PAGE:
As explained by Badakhchani, While the Nizr Ismaili dawat... continued to adhere to the foundational principles of classical Shii and Fatimid Ismailism, there emerged an additional set of conceptual formulations to reflect the new intellectual and spiritual vistas that opened out in the age of the Resurrection105

How can we build upon the scholarship in this area of Isml studies, that of their eschatology and sacred history? Hodgson, in his 1955 work The Secret Order of Assassins, suggested that [o]ne of the most desirable of these [studies] would be a study of the whole development of Nizr theology a study which could not stop at the fall of Alamt106 Thus, first to be proposed would be a doctrinal study along these lines, spanning the entire history of Nizr Ismlism. This of course would be a vast ranging study and undoubtedly a huge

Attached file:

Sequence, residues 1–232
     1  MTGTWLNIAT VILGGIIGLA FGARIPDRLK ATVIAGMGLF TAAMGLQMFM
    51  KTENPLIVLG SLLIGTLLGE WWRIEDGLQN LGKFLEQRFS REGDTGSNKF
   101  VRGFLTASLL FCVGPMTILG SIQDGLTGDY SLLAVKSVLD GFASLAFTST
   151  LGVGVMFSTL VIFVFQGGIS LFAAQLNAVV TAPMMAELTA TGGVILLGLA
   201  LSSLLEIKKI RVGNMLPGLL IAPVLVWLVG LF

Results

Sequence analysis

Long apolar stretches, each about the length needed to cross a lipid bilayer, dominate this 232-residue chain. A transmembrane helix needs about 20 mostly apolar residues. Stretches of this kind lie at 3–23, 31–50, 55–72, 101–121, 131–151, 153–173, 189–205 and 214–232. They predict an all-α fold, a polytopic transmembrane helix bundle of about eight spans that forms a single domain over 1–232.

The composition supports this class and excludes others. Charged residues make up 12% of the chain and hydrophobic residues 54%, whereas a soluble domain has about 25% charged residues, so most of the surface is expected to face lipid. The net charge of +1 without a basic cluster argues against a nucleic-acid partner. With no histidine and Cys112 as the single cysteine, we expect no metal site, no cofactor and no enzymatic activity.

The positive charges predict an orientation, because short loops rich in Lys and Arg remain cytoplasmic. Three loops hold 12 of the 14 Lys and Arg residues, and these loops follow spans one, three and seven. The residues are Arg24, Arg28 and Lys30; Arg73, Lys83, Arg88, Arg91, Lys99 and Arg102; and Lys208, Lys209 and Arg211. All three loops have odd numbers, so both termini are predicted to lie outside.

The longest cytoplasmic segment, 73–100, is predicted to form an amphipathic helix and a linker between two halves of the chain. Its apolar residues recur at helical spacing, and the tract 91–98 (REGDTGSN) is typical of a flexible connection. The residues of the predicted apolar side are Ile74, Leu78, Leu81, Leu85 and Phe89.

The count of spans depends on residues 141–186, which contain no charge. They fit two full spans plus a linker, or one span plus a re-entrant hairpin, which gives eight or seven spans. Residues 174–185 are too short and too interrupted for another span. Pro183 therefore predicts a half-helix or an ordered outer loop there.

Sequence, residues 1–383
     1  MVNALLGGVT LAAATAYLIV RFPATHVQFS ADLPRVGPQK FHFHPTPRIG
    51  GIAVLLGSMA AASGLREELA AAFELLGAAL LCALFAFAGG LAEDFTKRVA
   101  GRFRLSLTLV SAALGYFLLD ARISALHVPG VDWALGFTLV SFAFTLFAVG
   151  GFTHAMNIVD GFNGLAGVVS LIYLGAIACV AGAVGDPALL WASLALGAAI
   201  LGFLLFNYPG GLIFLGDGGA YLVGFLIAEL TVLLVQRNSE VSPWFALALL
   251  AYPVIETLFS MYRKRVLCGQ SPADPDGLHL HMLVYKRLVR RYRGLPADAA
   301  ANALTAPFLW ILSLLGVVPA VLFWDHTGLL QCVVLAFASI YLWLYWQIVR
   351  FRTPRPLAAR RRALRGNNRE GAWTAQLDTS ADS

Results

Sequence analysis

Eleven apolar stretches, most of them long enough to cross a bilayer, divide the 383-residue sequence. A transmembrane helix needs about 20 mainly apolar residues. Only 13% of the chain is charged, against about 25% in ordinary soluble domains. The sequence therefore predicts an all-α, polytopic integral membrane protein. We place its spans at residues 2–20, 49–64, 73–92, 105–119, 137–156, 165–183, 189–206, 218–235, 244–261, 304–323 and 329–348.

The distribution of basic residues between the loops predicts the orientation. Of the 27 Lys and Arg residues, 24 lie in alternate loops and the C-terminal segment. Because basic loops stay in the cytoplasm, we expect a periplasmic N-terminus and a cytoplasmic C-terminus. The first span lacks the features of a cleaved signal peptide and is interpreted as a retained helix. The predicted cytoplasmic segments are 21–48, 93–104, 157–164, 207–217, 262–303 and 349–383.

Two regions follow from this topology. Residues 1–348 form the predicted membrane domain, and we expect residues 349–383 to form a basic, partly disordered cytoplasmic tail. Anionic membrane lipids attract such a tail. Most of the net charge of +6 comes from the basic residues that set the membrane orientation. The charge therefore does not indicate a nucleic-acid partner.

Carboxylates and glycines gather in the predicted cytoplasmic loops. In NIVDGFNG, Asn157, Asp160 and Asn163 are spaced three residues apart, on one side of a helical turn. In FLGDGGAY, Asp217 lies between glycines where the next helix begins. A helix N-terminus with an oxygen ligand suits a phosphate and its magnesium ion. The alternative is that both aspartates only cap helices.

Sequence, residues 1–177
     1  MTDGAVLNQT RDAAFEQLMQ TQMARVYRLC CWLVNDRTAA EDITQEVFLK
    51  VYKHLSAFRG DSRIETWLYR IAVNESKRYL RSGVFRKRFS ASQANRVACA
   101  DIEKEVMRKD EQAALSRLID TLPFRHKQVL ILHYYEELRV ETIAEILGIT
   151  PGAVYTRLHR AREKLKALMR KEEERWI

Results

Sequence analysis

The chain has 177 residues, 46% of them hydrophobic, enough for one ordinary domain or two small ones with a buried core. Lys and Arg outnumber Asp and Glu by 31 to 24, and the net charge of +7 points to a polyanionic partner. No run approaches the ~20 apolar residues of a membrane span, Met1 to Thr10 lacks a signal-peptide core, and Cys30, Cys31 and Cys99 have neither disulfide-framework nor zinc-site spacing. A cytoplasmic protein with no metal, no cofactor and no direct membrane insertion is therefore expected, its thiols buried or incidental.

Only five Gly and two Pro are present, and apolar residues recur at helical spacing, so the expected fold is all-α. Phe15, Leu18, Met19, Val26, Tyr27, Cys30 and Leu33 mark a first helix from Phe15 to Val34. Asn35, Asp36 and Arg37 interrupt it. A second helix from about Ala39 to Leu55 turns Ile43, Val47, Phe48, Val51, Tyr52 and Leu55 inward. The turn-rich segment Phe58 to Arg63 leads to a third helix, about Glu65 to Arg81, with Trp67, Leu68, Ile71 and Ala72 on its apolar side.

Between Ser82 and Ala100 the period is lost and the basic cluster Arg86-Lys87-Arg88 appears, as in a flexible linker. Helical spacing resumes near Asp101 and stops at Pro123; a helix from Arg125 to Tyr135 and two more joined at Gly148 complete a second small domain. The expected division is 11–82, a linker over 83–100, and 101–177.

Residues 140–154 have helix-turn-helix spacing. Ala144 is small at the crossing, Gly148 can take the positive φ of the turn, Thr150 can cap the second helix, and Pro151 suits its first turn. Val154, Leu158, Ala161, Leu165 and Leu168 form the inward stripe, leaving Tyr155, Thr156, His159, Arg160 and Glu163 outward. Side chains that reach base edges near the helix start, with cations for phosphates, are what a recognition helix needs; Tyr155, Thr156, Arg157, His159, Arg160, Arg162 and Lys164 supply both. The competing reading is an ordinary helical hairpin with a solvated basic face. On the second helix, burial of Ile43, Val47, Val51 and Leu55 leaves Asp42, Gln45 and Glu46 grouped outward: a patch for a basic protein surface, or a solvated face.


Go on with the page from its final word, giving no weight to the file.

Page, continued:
See Ivanow, Introduction in Quhistani, Haft Bb, 16-17 where he states: ...the reform proclaimed by the Qiymat-i Qiymt was by no means an attempt to overhaul, revise, or alter the Fatimid doctrine. The Fatimid doctrine was accepted as a building over which a new storey was raised subsequently reaffirming that Nizari-reformed Ismailism was no new Ismailism, but merely the same Ismailism as before, only in a form constituting the next step in evolution which was logically, organically and historically prepared. 105 Badakhchani, Poems of the Resurrection, 437. 106 Hodgson, Order of Assassins, 33 n.44.
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task to undertake but one which would contribute greatly to our understandings of Nizr doctrines in so far as they have shaped the Nizr community throughout its colourful history.